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This post covers how to attend a U.S. Supreme Court tour as well as courtroom lectures and oral arguments with tips on how to plan your visit and what you might see.
The Supreme Court Building is located at 1 First Street St NE across the street from the US Capitol Building and the Library of Congress. Use this link for directions to the Supreme Court.
Or let us take you here on one of our pay-what-you-like Capitol Hill Tours.
It is a 7 min walk from the Capitol South Station Metro (Blue, Orange, Silver). Exit the station and continue north on First Street for two blocks.
It is also about a 15-minute walk from Union Station (Red), which has a paid parking garage.
If you are new to DC’s subway system, then read our guide on how to use the DC Metro system.
There are no parking facilities at the building. Street parking is very limited. You can reserve a space at nearby commercial garages through a service called SpotHero.
The Supreme Court is open on weekdays 9am-430pm, excluding Federal Holidays. The building is not open on the weekend.
Like most federal buildings, you will be required to enter through security. There are two doors on either side of the main steps on the plaza level to enter the building.
Prohibited items include weapons and other dangerous items.
The Supreme Court currently does not offer guided tours, and according to its website, visitors are encouraged to tour the building on their own.
In reality, visitors are limited to only the public portions of the building, which is mostly the exhibits on the ground floor as well as the Main Hall on the 2nd floor.
Once through security, you will be on the ground floor, where you will find a 24-minute film that covers the history of the building, with interviews with the Chief Justice as well as Associate and former Justices.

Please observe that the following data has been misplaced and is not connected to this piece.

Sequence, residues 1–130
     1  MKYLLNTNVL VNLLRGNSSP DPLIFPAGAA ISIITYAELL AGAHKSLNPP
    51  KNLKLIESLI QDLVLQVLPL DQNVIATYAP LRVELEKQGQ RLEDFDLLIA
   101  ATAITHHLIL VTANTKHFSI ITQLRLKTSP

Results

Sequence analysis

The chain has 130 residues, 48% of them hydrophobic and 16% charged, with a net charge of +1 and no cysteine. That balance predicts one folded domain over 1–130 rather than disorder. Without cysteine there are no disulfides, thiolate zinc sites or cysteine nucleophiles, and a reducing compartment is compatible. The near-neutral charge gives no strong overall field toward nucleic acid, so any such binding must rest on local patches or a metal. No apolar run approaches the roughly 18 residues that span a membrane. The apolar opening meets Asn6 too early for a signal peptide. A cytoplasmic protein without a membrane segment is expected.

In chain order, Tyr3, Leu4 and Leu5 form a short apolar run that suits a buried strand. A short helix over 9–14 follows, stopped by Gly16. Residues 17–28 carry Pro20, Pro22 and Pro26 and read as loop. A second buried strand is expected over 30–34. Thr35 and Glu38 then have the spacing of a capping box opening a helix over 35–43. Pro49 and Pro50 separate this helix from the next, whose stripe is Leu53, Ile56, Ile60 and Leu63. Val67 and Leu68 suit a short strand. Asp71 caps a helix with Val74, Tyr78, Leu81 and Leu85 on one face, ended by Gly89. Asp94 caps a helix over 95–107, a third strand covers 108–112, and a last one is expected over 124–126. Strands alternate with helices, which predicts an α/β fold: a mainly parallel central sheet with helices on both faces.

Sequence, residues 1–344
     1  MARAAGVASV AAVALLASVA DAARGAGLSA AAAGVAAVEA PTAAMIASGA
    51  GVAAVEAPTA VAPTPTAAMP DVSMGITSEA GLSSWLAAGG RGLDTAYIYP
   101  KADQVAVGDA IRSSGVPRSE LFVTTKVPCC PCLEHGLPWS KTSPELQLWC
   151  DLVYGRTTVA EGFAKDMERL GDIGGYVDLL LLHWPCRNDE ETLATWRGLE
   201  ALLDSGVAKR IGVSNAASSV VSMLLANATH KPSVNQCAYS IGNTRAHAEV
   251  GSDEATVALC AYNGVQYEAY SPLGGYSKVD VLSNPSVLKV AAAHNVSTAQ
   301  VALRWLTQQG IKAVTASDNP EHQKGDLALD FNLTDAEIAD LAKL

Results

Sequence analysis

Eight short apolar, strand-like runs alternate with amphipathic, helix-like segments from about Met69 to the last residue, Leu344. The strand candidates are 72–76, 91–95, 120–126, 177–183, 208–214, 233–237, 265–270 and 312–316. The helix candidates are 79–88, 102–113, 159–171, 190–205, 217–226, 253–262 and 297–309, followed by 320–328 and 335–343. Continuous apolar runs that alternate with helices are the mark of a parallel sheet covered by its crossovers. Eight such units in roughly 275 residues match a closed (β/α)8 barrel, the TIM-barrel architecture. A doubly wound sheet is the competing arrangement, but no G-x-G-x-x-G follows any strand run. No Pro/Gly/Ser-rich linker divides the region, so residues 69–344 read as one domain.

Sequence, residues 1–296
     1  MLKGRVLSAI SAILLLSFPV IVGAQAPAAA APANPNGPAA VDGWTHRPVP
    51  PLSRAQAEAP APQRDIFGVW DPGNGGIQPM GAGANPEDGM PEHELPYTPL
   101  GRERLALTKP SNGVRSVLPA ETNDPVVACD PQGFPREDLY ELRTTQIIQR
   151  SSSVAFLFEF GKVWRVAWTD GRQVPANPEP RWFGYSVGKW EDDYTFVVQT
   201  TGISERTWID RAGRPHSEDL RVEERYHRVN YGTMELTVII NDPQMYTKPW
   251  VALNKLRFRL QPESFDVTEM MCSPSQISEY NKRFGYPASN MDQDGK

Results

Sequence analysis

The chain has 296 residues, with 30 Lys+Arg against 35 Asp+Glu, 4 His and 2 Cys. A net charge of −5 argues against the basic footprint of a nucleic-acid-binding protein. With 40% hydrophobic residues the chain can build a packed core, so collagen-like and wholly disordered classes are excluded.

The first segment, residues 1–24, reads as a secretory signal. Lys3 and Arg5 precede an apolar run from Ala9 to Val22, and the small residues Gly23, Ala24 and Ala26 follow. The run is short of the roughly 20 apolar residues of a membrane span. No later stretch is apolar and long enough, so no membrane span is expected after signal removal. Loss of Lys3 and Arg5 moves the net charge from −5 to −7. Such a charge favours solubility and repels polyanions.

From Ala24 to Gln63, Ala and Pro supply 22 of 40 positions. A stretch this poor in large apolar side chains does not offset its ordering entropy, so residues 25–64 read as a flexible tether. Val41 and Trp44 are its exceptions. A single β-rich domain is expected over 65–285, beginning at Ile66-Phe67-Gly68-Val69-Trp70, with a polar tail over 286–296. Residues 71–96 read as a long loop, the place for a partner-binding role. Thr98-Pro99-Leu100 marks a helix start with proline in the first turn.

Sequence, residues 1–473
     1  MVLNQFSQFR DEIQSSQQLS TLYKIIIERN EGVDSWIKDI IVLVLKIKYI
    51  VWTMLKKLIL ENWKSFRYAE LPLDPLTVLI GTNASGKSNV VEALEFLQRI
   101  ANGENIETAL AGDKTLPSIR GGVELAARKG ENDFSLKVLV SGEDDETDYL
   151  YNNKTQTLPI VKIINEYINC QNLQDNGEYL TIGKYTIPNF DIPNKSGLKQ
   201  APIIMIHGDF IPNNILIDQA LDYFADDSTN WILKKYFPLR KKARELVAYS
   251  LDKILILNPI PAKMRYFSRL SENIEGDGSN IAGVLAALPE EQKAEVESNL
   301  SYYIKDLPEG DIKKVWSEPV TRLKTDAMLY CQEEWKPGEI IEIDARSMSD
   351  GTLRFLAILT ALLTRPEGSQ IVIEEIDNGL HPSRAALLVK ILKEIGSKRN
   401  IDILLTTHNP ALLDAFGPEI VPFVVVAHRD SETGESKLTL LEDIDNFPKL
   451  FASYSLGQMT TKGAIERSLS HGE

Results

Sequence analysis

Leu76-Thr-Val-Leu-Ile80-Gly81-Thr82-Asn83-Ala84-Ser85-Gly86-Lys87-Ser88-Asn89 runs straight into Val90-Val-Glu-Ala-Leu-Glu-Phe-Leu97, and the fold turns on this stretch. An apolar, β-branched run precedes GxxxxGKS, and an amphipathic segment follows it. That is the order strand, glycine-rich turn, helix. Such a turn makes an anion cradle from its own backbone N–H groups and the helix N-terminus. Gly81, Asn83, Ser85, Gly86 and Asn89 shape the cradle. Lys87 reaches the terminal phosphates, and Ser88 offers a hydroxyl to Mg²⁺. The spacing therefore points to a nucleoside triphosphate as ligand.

It’s on this floor where you will also find the current exhibitions.
Since this is a working federal building, you are limited as to where you can go on your self-guided tour. The only way to visit the courtroom is by attending a docent lecture or attending a case.
You can read about attending a case below but if you are visiting on a day that the court is not hearing a case, you can still have a seat in the courtroom and listen to the history of the court and the building.
30-minute courtroom lectures are held every hour on the half hour from 9:30 am – 3:30 pm.
Seating is first-come, first-served, so during the busy spring and summer months, expect to get their early to wait in line.
For the most up to date information on when lectures are scheduled, visit the lecture calendar.
While you can visit the Supreme Court courtroom as a visitor for lectures, cases are also open to the public. Called Oral Arguments, these are the 1-hour long sessions where each side is allowed 30 minutes to argue before the court.
From the first Monday to October to Mid-April, cases are generally heard on Mondays, Tuesdays, and Wednesdays at 10 am and at 11 am, with additional afternoon sessions as needed.
There are two ways to attend a Supreme Court case. You could either secure a seat and witness the entire Oral Arguments or you can catch a quick 3 min glimpse of the proceedings.
These two lines form on the plaza before each case. For landmark Supreme Court case, some people will line up days in advance to guarantee a spot. On a non-high-profile day, people arrive around 6 am-7 am.
Normally, only the first 50 are able to get in for the entire session. Numbered tickets are given out prior to seating to allow you time to go to restroom, cafeteria, and cloakroom.
If you don’t get a seat, you can also do a walk through where you stay for a few minutes and then move on. You can rotate through as many times as you’d like by getting back in line.
You can also attend Bench Mondays (Mondays, 10 am, mid-May through June) to hear the court opinions and decisions. These are about 15 – 30 minutes long, but can also form long lines for high profile cases.
To see what cases are being argued, visit the Argument Calendar.
Justice Scalia died Feb. 13, 2016. His seat will remain vacant until a new justice is nominated by the President and approved by the Senate.
VISIT THE U.S. CAPITOL BUILDING AND THE LIBRARY OF CONGRESS
Why not make a half-day of it and visit both the U.S. Capitol Building as well as the Thomas Jefferson Building of the Library of Congress. Both are adjacent to the Supreme Court Building.
You could also have lunch at the Capitol Visitor Center. For more information on visiting and touring both buildings, click on the links below.